The new 2013 MacBook Air looks exactly like the 2012 model in size, shape, display, keyboard and I/O, but lurking beneath the surface of Apple’s latest, thinnest notebook are a number of significant internal changes. According to many early reviewers of the new 2013 MacBook Air, its power and performance have finally caught up to the sleek design that many have grown to love since the first MacBook Air arrived in January 2008.
Fitted with Intel’s fourth-generation Core i-series CPUs codenamed “Haswell,” the 2013 MacBook Air is indeed slightly faster than its Ivy Bridge-powered predecessor, but Apple’s newest MacBook Air is all about battery life. Haswell certainly helps in that department, but thanks to the new compact all-flash storage system, Apple was able to drastically improve battery life from five to nine hours in the 11-inch model, and from seven to 12 hours in the 13-inch model. While both laptop models will run OS X Mountain Lion out of the box, the upcoming OS X Mavericks should improve battery life in the 2013 MacBook Air even further, thanks to the operating system’s new battery-saving technologies like timer coalescing, app nap and compressed memory.
The new battery life in the new MacBook Air, plus price cuts across both models, certainly makes it an attractive option for consumers in the market for a new ultrathin, ultra-portable laptop, but don’t take our word for it: Take a look at some of the early reviews of Apple’s latest and greatest MacBook Air.
“Battery life is where the new MacBook Air (both the 11-inch and 13-inch versions) really stands out. The previous generation 13-inch Air ran for 7:27 on our video playback battery drain test. The 2013 version blows that out of the water, with an astonishing 14:25 on the same test. That's better than Apple's estimate of 12 hours, and one of the only times our tests have indicated longer battery life than a manufacturer's claims. … Even if our 14-hour video playback battery life run is cut by a third or more in rigorous real-world conditions, you've still got a true all-day, always-on computer. Couple that with OS X and the best-in-show touch pad and gestures, and I'd be hard pressed to think of a single competitor that comes close to the ubiquitous usefulness of this system.”
“If you’re in the market for an ultraportable laptop with oh-my-god-what-the-hell-happened-here battery life, then yes. The price, although high, certainly isn’t any more than what comparable ultrabooks will run you, and the excellent trackpad and keyboard are just icing on the cake. The battery makes this Air what it is, and that is properly ridiculous. On a video run-down test: — streaming Nyan Cat over Wi-Fi, with brightness on 80 per cent — the Air lasted 13 hours 6 minutes.Thirteen hours and six frigging minutes. That’s well over double the six-hour life of this generation’s ultrabooks, more than the most stamina-happy tablets, and way more than any smartphone. … However, the MacBook Air doesn’t stand all on its own. Haswell-powered ultrabooks are starting to trickle out — Sony released the awesome-looking Vaio Pro the other week, and you can bet your Apple-tattooed left kidney that other manufacturers with great products (read: Samsung Series 9 and Asus Zenbook) will be refreshing the market stall in the next couple months. If you’re really after better connectivity options, Iris graphics or a hi-res screen, it’s probably worth holding out to (at the very least) see what happens.”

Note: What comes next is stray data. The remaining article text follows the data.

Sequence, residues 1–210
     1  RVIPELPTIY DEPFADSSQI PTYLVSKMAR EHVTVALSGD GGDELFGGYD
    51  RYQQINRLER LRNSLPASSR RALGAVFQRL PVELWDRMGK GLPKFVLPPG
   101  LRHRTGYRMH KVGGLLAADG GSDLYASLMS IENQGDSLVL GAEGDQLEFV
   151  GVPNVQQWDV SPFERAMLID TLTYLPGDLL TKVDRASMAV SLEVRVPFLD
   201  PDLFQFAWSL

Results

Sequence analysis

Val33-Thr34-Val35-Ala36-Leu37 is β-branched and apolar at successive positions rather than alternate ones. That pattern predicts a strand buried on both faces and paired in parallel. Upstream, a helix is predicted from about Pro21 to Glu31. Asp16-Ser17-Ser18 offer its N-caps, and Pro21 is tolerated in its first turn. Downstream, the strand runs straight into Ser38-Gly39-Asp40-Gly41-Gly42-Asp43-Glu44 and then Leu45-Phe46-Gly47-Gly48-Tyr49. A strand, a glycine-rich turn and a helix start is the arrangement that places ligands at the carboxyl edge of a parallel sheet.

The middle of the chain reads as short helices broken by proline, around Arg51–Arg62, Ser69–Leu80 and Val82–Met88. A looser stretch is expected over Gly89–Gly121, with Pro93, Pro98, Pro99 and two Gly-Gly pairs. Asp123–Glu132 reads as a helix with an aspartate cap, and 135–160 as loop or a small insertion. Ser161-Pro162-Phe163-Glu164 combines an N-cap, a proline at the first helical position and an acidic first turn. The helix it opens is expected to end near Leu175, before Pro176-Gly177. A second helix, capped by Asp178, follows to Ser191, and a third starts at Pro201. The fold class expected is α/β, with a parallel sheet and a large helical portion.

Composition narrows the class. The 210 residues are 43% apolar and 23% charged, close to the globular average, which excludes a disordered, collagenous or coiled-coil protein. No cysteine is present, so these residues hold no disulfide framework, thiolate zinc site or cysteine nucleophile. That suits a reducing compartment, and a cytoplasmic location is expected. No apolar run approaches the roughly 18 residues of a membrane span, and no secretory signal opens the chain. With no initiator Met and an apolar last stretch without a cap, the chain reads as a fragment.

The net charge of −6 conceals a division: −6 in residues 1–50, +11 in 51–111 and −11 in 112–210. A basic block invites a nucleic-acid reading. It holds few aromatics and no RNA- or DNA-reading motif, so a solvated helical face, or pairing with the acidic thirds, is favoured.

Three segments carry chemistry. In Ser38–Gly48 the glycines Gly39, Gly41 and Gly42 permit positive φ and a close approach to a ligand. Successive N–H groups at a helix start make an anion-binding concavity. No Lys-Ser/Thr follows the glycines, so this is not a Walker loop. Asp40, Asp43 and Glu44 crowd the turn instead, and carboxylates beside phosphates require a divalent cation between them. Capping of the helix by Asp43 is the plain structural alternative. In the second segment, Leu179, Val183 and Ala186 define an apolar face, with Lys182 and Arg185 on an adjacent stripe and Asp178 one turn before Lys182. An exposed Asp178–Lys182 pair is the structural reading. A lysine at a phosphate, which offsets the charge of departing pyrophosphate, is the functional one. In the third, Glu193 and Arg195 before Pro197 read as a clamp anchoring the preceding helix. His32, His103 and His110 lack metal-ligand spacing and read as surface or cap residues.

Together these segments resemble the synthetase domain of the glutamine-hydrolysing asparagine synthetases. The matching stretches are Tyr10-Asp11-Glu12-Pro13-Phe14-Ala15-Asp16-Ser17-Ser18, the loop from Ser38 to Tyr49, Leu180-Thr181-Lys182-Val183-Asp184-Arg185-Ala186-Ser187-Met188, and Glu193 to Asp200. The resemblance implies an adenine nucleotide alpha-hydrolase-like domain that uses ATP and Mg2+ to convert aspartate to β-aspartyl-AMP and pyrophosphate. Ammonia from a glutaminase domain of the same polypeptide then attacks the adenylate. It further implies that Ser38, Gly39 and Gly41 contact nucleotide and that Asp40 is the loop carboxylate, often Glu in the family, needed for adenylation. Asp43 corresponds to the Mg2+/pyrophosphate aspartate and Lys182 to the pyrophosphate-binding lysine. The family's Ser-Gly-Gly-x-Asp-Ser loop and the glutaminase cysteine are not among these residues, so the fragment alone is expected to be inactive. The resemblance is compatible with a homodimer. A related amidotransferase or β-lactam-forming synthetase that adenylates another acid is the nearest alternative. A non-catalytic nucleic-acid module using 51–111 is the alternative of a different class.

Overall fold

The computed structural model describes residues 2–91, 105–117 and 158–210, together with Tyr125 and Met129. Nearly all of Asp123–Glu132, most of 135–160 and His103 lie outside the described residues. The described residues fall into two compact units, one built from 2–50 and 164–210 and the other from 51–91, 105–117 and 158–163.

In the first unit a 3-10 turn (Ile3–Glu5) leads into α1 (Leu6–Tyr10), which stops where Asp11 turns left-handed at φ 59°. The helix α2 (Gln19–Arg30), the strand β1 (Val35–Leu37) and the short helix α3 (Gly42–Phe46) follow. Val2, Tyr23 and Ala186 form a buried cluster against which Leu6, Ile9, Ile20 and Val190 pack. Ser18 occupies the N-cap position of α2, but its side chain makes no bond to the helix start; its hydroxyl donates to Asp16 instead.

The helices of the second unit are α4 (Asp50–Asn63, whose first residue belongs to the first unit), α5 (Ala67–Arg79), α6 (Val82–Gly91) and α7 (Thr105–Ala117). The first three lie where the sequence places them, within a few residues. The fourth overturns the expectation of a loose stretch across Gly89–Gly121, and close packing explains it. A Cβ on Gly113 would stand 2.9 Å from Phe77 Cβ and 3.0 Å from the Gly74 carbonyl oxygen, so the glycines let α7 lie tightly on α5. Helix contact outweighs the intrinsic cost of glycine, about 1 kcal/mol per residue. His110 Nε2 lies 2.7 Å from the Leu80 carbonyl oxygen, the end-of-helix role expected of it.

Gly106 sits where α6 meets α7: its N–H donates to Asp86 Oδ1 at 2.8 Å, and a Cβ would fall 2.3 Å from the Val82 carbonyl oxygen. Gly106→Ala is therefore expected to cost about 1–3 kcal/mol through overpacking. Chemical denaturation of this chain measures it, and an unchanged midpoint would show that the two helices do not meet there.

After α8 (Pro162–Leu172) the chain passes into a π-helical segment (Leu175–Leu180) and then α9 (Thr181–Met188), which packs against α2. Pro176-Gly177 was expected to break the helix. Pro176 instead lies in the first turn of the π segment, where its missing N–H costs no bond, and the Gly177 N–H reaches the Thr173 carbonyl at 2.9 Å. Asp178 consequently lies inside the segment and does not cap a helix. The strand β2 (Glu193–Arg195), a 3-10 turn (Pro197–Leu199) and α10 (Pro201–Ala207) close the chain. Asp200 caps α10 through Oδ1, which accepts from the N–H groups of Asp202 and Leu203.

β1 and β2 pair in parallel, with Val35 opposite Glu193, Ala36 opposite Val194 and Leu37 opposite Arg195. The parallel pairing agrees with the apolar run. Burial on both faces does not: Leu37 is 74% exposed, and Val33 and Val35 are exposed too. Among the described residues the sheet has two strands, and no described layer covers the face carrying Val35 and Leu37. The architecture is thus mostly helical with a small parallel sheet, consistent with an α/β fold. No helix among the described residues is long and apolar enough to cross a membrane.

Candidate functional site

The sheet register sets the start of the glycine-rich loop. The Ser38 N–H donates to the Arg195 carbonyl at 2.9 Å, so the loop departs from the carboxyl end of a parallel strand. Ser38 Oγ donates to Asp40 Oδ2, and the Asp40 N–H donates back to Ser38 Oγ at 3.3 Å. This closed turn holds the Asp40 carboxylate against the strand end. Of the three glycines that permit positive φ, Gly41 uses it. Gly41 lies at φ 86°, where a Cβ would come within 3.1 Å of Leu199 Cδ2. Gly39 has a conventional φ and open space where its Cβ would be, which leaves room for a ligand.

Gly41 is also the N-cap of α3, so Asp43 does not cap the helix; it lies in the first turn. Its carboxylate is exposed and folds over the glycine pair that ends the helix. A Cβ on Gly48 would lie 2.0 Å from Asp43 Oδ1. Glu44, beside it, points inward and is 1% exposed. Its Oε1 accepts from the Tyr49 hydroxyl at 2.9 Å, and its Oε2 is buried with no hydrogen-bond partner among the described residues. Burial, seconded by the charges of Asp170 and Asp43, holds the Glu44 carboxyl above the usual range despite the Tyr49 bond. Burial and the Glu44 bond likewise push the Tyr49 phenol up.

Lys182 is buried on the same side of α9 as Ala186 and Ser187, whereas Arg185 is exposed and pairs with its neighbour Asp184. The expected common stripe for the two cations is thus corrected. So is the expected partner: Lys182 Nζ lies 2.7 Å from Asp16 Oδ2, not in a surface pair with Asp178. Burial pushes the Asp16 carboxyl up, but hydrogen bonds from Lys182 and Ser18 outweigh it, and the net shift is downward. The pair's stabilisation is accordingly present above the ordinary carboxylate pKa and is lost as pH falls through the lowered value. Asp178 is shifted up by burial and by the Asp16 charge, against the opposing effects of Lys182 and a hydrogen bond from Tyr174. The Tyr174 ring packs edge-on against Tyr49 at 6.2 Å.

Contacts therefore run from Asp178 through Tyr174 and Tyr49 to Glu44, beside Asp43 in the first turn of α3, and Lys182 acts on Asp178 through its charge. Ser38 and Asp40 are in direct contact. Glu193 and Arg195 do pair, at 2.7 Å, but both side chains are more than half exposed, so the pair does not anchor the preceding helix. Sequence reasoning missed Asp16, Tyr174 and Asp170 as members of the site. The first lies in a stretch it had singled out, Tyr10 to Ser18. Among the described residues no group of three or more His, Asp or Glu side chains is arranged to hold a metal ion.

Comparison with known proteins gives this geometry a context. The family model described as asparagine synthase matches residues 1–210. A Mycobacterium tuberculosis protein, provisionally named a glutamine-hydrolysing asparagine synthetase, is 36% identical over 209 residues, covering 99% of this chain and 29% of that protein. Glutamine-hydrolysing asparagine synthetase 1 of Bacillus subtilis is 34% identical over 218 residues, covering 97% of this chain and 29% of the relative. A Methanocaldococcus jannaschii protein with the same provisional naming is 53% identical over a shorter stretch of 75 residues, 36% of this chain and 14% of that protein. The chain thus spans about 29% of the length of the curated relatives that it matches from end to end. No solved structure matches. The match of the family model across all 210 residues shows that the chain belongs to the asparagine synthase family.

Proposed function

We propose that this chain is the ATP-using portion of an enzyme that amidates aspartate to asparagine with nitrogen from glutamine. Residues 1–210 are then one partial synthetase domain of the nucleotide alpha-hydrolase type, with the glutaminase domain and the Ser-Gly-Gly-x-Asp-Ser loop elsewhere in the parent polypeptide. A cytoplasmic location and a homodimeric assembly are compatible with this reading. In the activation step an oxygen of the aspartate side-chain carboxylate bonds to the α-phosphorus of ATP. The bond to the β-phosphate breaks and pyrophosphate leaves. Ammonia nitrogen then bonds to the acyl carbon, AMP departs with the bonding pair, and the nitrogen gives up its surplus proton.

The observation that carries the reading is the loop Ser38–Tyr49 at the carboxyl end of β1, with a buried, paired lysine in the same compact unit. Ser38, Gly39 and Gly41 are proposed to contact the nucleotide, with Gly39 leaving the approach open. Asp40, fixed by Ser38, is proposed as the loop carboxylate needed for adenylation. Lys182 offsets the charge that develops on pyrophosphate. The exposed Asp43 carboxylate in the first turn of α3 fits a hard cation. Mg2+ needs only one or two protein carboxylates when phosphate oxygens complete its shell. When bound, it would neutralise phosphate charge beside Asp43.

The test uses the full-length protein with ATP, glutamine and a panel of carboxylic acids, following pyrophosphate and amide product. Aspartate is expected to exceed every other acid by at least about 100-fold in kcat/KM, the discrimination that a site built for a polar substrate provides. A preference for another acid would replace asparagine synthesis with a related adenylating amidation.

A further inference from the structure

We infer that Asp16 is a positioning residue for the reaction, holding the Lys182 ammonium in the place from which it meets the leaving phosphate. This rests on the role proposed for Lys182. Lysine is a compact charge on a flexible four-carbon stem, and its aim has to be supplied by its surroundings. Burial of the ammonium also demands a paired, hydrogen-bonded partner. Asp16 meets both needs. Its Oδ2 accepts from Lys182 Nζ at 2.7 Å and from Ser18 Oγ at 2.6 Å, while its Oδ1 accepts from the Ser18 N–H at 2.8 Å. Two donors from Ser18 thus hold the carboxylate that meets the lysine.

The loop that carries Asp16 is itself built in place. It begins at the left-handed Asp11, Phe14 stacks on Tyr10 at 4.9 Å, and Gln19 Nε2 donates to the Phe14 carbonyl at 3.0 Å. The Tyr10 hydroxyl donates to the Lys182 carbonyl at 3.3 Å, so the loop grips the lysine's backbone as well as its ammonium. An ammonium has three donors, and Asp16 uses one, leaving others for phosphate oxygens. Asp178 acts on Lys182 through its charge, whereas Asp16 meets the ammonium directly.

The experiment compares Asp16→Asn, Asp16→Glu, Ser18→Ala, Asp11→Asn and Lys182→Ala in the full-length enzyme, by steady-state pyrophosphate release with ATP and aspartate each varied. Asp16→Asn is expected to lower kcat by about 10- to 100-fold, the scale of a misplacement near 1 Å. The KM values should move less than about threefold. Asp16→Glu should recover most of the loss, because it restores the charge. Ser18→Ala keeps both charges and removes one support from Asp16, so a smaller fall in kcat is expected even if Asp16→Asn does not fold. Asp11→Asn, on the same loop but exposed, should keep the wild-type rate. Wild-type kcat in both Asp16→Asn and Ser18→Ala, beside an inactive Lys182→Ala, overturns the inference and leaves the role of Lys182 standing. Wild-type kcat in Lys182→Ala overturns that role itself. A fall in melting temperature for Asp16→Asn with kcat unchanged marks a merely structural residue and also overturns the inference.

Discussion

“The MacBook Air 13-inch is a marathon runner of a notebook, offering all-day battery life in a design that's just as sleek and ergonomically perfect as before. For $1,099, you also get blazing fast flash memory and much improved graphics performance. The only thing missing is a sharper display, although the Air's screen is still as bright and colorful as before. Among 13-inch ultraportable Windows 8 laptops, there are lighter and even sleeker options with touch screens (such as the Acer Aspire S7 and Sony VAIO Pro 13), but their standard batteries don't last nearly as long on a charge. The 13-inch MacBook Pro with Retina Display has a superior screen -- and will likely see a bump to a Haswell CPU before too long -- but that system starts at a steeper $1,499 and is a bit heavier. Overall, the 13-inch MacBook Air remains the best ultraportable value on the market.”
“To punish the system, as I write this post inside a Chrome tab, I’m also running PowerPoint, iMovie, Word, Excel, iPhoto and 20 Chrome tabs — three of which are running either Netflix or YouTube videos. Plus I have Safari running a QuickTime movie – yet everything is working OK despite the fact that my machine has only 4 GB of memory. It is swapping memory to disk but it’s doing it so quickly that I can’t notice any system degradation. The only slow-down I’m noticing is my hotel Wi-Fi network slowing to a crawl because of four videos running at the same time. The Air also has an Intel HD Graphics 5000 processor, which, says Apple, “offers up to 40 percent faster graphics — performance you’ll especially notice with games and other graphics-intensive tasks. Not being a gamer, I’m not sure I’m seeing that but what I am seeing is very quick loading of Microsoft Office, Chrome, Safari and other applications as well as fast loading of my large data files. Of course, if you need a lot of storage or a great deal of processing power and memory, the Air isn’t for you. It maxes out at 8 GBs of memory which is more than enough for the vast majority of users (my sense is the 4 GB is fine for most people) but if you’re doing heavy video or photo editing, you might need more power. The Air maxes out at 512 GB of flash storage which is paltry compared to today’s high capacity hard drives but should be more than enough for most users. If you have more files that you don’t need with you all the time, you can store them on external hard drive.”